3 Questions for U.S. Sen. Michael Enzi

Date: November 15, 2013

As a former small business owner, are there certain skills or perspectives that you apply as a public official?

I’m one of only a few senators who have run a business. I ran a shoe business, NZ Shoes, with my wife, Diana, for a number of years, where I gained invaluable insight into the nuts and bolts of running a business. I also learned a lot about customer service, which has been a real help in my public service role. Crunching numbers, balancing ledgers and making tough financial decisions are all things I have learned and practiced.

I’ve used these experiences countless times in my own legislative efforts—from my Penny Plan, which would cut one penny of every federal dollar spent and balance the federal budget in two years, to my work in the Committee on Finance, which had main jurisdiction over the healthcare law. 

I think if more members of Congress had experience running a business, we’d have fewer folks supporting measures that have an adverse effect on the nation’s job creators.

How can small business owners get relief under the healthcare law?

I have opposed the healthcare law from the beginning. I voted against it in two committees and again on the Senate floor. I strongly support a full repeal, but I also support efforts to defund or dismantle the law in parts. 

One big problem with the law is the sales tax on health insurance premiums, which, along with other taxes and fees, will increase costs for businesses and penalize employers who offer coverage now or who want to expand their workforce. To address this problem, I co-sponsored legislation that would repeal the health insurance tax. I have also asked the U.S. Treasury and the Internal Revenue Service to provide detailed information on the economic impact of the HIT. And we must continue to protect the ability of small businesses to self-insure or obtain reinsurance where necessary.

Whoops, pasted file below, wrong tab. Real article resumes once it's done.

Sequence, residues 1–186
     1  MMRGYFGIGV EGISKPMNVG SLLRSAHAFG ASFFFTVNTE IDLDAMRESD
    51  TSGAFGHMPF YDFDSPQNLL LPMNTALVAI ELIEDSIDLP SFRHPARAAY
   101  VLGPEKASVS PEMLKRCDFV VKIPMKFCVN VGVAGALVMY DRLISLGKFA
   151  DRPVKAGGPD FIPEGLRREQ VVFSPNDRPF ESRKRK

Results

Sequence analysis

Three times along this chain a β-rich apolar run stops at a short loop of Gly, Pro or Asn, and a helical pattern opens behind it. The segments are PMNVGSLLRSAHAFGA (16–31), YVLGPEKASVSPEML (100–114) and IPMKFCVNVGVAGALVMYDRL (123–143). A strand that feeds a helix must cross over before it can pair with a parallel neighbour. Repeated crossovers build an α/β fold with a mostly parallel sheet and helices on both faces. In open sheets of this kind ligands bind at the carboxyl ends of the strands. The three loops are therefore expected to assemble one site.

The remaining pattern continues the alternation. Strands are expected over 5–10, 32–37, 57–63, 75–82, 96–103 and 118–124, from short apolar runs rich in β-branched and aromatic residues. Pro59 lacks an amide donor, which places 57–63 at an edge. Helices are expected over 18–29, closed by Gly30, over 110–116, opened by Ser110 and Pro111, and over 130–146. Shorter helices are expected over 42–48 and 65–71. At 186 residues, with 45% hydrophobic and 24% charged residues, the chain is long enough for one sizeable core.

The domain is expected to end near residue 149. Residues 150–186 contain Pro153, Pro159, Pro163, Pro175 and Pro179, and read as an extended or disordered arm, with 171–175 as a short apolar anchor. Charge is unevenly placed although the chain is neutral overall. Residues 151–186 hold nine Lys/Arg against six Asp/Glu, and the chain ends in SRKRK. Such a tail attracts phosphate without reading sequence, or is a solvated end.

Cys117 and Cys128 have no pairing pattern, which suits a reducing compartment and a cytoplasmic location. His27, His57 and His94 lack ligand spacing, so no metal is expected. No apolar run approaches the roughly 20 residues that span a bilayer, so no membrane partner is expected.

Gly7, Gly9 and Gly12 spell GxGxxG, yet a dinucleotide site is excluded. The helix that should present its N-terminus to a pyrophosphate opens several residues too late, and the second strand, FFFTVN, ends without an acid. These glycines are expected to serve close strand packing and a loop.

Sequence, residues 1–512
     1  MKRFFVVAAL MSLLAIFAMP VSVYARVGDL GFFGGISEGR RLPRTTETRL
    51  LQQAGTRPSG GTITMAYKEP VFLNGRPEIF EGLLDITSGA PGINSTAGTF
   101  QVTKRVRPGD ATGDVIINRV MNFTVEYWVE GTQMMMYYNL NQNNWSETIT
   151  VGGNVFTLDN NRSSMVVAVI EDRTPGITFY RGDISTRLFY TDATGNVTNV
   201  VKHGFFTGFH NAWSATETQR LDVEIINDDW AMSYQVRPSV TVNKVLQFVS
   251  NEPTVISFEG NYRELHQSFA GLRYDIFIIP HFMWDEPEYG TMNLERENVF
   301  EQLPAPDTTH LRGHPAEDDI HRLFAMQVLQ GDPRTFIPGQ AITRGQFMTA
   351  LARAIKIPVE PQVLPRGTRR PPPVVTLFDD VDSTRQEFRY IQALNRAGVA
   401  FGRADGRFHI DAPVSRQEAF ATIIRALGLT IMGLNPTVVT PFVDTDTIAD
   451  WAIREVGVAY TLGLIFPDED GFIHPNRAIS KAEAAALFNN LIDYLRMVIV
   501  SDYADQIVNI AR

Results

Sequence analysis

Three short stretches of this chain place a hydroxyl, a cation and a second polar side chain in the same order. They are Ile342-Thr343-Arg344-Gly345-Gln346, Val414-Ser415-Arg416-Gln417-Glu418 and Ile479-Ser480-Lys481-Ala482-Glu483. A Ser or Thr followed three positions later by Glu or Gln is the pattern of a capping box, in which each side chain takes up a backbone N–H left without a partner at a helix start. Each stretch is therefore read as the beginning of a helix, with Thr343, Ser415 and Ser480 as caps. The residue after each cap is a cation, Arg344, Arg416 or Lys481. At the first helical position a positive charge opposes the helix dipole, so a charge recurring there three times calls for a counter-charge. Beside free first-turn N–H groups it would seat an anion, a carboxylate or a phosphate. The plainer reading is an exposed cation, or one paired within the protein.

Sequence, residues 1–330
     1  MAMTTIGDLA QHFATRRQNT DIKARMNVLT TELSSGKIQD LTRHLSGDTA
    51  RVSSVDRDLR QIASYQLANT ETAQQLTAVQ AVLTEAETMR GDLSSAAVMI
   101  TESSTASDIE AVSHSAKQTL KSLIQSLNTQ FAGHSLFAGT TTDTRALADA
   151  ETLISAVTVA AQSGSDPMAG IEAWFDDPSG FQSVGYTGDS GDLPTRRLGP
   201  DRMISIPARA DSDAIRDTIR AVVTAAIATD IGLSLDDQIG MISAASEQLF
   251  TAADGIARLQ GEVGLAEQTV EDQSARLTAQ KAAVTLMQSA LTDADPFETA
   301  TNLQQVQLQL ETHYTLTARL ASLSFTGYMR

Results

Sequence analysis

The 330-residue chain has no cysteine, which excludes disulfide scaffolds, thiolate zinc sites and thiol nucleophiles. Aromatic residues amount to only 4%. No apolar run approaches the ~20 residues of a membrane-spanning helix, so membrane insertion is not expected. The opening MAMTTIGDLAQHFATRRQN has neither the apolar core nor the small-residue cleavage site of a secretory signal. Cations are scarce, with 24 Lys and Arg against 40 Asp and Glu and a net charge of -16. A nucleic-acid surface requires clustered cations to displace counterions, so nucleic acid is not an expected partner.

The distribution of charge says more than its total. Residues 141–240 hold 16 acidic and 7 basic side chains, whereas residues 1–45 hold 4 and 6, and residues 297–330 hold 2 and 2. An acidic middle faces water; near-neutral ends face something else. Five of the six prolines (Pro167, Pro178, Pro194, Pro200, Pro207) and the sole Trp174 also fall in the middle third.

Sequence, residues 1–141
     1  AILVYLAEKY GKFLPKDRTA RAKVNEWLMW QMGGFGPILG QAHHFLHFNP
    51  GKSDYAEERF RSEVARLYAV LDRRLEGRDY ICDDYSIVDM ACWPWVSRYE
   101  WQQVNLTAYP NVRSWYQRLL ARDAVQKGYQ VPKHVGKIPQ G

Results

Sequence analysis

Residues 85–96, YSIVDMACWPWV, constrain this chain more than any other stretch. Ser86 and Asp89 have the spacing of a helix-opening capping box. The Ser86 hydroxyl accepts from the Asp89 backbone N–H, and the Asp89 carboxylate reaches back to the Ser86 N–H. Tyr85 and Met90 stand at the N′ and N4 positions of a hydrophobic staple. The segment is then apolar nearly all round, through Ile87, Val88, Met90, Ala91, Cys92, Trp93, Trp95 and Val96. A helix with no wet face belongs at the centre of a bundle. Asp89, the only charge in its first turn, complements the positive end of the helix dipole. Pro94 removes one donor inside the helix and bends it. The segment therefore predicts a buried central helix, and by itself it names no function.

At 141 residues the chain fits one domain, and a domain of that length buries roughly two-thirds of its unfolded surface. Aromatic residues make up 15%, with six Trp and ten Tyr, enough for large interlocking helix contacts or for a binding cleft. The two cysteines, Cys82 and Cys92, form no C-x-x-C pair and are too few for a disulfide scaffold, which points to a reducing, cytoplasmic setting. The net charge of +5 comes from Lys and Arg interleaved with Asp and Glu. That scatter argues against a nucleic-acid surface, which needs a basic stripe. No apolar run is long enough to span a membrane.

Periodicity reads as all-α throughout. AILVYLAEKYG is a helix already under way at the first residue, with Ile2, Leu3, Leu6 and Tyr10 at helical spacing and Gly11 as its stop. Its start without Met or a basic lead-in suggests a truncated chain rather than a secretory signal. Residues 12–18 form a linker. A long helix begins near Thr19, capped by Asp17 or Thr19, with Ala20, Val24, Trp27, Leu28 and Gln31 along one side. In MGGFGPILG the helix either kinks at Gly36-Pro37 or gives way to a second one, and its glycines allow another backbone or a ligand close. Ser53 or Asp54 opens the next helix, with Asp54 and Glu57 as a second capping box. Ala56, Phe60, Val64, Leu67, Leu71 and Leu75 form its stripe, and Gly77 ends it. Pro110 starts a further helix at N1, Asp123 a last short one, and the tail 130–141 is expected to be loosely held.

Small business owners need to remember that silence implies consent. They can band together and speak out when they believe this law or any law is hurting them, and they can advocate for change.

In what ways are you seeking feedback from small businesses in Wyoming and then using that information in Washington, D.C.? 

I travel back to Wyoming most every weekend to visit businesses. I talk with business owners about what they do, how they do it and how federal regulations and other federal policies are directly affecting them. I’ve heard their concerns about increasing government regulations and complying with the healthcare law.

I also coordinate with a variety of groups to help produce two small business conferences every year. One helps small businesses learn best practices for continued growth and provides training on procuring federal contracts. The second is an inventor’s conference that educates Wyoming entrepreneurs about the patent process and business planning. I know a lot of folks who have great ideas in Wyoming, and I want them to be able to turn their ideas into a business.

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